As these social friends became real friends, as my friend Laura Schaub @InterLeafer puts it, I became to value and respect who they are and what they do.  I cannot think of any other way these meetings would have occurred.  Folks from California were not likely to be hanging around my Raleigh, NC office water cooler….now they are.  As such,  I began to tap their expertise.

I  find Twitter to be an incredible resource.  One day, alone working in my office, preparing a presentation on creating a backyard wildlife habitat, I had a great image of a spider.  I didn’t know the name of the spider, but wanted to know it in case someone in the audience asked me.  I remembered sharing many tweets with Debbie Hadley @AboutInsects. During the course of our tweet relationship, I found her to be really nice, incredibly knowledgeable and totally into her field.  So I figured I’d ask her.  Otherwise, it was pulling resource books or googling until I found what I was looking for.  A click to @AboutInsects with an accompanying photo and tweet asking if she would mind identifying a spider for me, please?  I had my answer in less than 10 minutes, common and latin names, no less.  Next up was a frog.  A tweet and an uploaded photo to Kelly Senser @klsnature resulted in an answer in less than a half hour.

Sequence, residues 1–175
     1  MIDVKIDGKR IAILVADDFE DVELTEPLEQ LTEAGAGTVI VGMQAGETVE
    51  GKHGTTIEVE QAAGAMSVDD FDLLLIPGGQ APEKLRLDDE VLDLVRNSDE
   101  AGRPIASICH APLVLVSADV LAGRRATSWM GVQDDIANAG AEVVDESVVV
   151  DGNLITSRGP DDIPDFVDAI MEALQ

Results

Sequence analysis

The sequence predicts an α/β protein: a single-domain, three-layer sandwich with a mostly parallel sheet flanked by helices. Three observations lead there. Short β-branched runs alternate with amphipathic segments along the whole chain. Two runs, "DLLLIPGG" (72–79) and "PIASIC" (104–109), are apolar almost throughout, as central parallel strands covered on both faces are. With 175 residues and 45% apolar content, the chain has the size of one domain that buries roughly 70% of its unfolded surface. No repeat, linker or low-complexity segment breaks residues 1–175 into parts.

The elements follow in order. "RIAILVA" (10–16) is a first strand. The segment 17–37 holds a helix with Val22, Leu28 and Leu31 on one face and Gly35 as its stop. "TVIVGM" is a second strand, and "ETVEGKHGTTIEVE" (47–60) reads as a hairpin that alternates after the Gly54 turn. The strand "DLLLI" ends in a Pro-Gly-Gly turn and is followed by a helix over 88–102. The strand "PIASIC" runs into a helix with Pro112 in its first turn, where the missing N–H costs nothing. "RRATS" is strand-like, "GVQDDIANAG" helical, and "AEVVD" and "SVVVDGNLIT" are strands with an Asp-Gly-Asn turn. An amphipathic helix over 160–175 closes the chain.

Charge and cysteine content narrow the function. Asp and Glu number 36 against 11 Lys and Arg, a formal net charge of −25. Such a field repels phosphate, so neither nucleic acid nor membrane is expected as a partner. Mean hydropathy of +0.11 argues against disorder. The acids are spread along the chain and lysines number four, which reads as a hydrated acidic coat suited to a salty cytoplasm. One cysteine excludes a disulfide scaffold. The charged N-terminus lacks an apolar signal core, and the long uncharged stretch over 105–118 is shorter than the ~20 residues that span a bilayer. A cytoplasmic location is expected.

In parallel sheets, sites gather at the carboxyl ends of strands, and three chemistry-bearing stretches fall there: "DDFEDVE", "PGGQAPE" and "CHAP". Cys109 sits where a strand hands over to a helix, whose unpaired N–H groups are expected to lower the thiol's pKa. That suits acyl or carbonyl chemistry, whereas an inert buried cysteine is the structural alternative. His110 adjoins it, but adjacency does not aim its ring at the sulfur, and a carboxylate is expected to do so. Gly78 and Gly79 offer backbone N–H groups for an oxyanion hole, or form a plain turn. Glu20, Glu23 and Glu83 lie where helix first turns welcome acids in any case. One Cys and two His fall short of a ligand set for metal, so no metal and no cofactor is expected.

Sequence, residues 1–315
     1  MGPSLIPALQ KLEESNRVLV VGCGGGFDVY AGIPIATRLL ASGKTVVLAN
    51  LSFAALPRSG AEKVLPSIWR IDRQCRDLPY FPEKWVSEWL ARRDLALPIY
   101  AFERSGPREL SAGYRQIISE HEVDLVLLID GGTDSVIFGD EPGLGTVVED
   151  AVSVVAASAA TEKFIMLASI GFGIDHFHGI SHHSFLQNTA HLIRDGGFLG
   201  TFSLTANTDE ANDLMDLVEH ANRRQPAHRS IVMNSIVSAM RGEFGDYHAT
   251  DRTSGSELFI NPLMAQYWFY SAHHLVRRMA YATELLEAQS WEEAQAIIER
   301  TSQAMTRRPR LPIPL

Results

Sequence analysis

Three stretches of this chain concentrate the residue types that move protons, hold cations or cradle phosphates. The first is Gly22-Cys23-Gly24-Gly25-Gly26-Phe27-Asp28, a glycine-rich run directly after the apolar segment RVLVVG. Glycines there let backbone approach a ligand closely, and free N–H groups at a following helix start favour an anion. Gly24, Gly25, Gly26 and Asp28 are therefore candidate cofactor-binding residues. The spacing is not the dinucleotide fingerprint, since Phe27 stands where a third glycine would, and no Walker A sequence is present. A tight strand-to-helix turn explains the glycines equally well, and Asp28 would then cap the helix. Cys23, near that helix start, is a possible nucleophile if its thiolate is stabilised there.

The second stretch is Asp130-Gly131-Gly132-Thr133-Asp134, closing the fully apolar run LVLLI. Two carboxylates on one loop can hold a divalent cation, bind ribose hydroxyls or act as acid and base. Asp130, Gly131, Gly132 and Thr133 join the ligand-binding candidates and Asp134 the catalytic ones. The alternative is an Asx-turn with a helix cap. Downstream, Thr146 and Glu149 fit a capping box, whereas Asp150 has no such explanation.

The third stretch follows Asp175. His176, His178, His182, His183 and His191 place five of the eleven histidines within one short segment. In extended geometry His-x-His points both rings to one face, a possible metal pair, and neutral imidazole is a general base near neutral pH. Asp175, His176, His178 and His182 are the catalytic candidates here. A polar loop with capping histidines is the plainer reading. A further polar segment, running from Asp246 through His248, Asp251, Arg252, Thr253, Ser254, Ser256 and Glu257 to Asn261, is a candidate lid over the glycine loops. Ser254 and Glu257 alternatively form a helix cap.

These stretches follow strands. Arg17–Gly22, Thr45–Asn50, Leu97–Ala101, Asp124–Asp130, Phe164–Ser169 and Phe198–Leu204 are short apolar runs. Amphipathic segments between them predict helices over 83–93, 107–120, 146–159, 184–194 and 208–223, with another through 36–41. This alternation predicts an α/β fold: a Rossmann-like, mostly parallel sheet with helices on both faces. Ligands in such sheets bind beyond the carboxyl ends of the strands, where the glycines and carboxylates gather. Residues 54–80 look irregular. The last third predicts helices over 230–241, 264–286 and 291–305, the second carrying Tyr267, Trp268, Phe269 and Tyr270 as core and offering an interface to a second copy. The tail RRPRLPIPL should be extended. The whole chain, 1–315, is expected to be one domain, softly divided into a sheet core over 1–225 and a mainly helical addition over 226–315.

It is not uncommon to see a posting and photo to the tweepsphere for help in identifying a plant.  Answers arrive is seconds!

For my presentation preparation, the generosity was unbelievable.  The delivery was professional and spot on.  I felt like I was cheatin’ through tweetin’.  It was really more than that.  I had resource at my fingertips and I like to think I have since reciprocated to others.

We are a family of friends of mutual respect, committed to our craft, no matter what it is.  Casual conversation brought us together, tweet by tweet, we built respect, while also sharing about ourselves.  If I need to know what tomatoes I should plant next year, I know I can count on Teresa O’Conner @SeasonalWisdom to suggest some to me (yep she did, and yep they are on my list for next year.)

If I need a plant identified, no doubt, Christina Salwitz @Aracdia1 will top my list.  If it’s a really weird plant, I heading over to Keith Alexander @Hyperating; he knows his stuff and is willing to help out.

I have @joegardener and @ShawnaCoronardo to give me green advice (as well as many others), there’s @SusanLMorrison @SusanCohan, and Lynn Felici-Gallant @IndigoGardens to bounce ideas off of.  I also have easy access to my editors and publishers.  @gardenpublisher also keeps us abreast on the state of the book publishing world.

On the days I want a dose of some really weird garden humor, I can count on Steve Bender @grumpy_gardener.  If I have a social media question, I’ll shoot a DM to @JeanAnnVK.  If I want to see what’s on edge in the gardening world, I head over to @GardenRant

My social standing is not 6 sigma.  But my water cooler has me sipping from nearly every state in the US and abroad.

A year later, it is very clear why I tweet.  My first tweet was something like, “Ok, I joined Twitter, now what?”  One of my first tweet replies was from my now friend Katie Elzer-Peters @GardenofWords telling me to just start writing.  So I did.